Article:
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Do you tell people that your DC's attend private school?

(151 Posts)
candleinthedarknight Thu 23-Jul-15 23:18:59


DD, 7, will be going to an independent school which specialises in Dyslexia this coming September.

The schools fees are very expensive and I'm hoping when I go to the special needs tribunal they would fund the school as I will not be able to fund this long term.

DD's mainstream school was ok, she had a lovely teacher and a good support network, though it became obvious that they were not equipped in dealing with her severe dyslexia, to the point she refused to do any work in school and over the past recent months it was evident that the gap between her and her peers were widening.

I looked at a number of schools, but not many SEN state schools that specialise in Dyslexia around my Borough, or even out of borough.

To get to the point, DD will be going to this fantastic specialist school in September. However, when a parent from DD's mainstream school ask what school is DD attending in September and I reply to say which she will be attending XYZ, an independent specialist school. I get a few judgemental comments.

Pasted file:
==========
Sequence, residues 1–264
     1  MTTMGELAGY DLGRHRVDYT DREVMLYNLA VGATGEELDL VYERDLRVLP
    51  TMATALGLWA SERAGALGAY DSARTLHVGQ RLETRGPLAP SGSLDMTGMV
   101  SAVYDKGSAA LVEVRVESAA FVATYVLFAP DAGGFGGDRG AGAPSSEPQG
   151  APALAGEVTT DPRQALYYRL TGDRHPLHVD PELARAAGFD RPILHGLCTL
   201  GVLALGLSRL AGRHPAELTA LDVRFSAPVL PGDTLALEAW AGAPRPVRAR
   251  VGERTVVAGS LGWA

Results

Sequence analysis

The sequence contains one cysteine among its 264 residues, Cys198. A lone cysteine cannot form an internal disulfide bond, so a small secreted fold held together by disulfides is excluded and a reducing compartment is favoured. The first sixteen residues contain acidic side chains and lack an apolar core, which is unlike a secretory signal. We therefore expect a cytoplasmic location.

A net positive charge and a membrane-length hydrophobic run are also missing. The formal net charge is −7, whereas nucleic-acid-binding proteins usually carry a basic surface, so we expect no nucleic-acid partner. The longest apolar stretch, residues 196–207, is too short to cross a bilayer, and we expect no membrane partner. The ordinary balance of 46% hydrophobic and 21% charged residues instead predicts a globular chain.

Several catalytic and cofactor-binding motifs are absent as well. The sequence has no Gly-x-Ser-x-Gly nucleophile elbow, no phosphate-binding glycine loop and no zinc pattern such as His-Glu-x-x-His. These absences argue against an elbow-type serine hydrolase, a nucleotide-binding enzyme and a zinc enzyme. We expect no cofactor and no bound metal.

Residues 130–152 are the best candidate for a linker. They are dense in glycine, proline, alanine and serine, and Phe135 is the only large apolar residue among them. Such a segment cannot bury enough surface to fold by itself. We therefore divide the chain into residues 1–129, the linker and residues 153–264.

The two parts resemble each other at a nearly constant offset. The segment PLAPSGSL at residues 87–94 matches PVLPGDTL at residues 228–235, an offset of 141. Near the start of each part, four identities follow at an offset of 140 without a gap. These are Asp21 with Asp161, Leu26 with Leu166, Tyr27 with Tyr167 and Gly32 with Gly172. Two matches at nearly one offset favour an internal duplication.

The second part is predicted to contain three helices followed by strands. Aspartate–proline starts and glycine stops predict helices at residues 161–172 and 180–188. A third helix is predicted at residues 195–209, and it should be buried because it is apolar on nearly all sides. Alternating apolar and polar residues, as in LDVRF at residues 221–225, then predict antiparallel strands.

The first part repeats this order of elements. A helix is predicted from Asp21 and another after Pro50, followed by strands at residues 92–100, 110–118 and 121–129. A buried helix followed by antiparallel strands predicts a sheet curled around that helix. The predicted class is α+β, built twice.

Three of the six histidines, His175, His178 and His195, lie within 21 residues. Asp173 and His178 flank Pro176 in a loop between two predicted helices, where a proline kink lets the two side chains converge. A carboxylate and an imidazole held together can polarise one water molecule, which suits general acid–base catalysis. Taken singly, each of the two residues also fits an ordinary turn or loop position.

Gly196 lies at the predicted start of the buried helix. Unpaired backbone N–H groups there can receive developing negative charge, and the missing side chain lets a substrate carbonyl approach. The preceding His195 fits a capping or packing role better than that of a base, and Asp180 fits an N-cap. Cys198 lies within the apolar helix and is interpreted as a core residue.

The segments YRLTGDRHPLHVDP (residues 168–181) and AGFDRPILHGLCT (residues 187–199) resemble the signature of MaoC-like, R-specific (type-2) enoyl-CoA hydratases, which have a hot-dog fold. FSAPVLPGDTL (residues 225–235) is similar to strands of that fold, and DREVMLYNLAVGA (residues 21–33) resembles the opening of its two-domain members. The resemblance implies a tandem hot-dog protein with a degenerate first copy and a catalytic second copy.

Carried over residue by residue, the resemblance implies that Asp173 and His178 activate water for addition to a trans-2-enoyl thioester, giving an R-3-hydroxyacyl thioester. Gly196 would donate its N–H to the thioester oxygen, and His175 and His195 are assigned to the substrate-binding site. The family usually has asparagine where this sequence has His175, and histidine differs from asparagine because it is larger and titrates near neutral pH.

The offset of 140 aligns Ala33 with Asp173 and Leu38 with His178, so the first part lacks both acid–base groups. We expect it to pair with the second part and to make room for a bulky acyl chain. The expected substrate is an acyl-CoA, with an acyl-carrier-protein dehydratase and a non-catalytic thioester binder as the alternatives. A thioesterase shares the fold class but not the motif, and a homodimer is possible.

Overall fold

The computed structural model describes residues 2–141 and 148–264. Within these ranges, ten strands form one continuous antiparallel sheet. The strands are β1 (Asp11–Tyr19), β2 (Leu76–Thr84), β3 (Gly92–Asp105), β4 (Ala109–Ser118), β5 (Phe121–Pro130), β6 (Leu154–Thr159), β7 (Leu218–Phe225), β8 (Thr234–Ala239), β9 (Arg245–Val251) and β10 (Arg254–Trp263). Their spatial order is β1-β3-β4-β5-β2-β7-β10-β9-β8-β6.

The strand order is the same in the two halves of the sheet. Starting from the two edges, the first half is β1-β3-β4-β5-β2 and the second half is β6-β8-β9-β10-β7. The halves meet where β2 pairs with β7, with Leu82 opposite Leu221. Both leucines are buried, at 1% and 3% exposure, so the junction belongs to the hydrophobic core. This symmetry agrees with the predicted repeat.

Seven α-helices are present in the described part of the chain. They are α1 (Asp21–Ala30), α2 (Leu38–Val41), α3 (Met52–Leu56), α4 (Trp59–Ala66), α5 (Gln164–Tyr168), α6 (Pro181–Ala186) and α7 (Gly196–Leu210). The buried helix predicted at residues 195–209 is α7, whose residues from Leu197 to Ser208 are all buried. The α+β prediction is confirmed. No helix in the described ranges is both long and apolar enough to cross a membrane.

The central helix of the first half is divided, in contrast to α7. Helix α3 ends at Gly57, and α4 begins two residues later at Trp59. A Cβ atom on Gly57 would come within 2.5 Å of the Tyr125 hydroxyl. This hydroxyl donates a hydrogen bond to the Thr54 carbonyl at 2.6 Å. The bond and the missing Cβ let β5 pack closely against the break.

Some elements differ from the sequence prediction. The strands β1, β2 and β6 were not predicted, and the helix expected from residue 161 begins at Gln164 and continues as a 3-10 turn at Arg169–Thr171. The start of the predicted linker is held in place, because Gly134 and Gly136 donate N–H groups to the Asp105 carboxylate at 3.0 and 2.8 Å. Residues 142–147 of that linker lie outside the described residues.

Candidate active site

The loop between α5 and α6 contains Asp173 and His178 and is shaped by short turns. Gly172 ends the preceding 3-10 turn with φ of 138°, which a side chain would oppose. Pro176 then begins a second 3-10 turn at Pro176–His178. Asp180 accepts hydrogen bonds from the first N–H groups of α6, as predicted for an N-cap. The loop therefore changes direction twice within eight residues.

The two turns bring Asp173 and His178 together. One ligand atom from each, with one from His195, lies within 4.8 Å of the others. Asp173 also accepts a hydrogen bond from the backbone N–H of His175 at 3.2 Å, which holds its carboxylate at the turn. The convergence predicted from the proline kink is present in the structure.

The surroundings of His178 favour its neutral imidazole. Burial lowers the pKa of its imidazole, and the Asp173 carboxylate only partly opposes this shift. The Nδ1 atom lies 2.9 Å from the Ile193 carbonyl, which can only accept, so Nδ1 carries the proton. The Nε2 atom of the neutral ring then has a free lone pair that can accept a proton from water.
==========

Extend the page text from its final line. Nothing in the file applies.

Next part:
Some of the parents think I'm showing off, or they think I view myself as "almighty" because DD will be going to this school.

I was a bit upset as I didn't mean or intended to come across that way. It's just apart of my vocabulary iygwim, my initial response if someone asked what new schools he will be attending in September as I would often get a blank look when I tell them the name of DD's school.

I should of just said that DD attends a specialist school, leaving out the "independent word".

But for the parents whose kids go to private schools, specialist or not. Do you get some sort of judgemental comments from people, parents and so on that your DC's go to a private school?

itsbetterthanabox Thu 23-Jul-15 23:23:16

People don't like it because only wealthy people can afford private school. It's giving some kids many more advantages than others based on their parents wealth. This is why it annoys people as a person choosing to send their kid to private school does impact negatively on kids in state school.

candleinthedarknight Thu 23-Jul-15 23:23:32

Ah! was meant to put "*but not many SEN state schools specialise in Dyslexia*" and she not "he".

candleinthedarknight Thu 23-Jul-15 23:29:45

I see itsbetterthanabox, but I'm not wealthy at all! and most parents know that. I literally had to save and save, fundraise, sell things etc. DD has other needs beside her severe dyslexia (even though that's her main need) and her needs can't be met in a mainstream school and they are very few state SEN schools that specialise in Dyslexia. I wish the parents could of seen that, instead of judging me.

Seriouslyffs Thu 23-Jul-15 23:42:34

I wouldn't volunteer it in RL, but when you meet people or old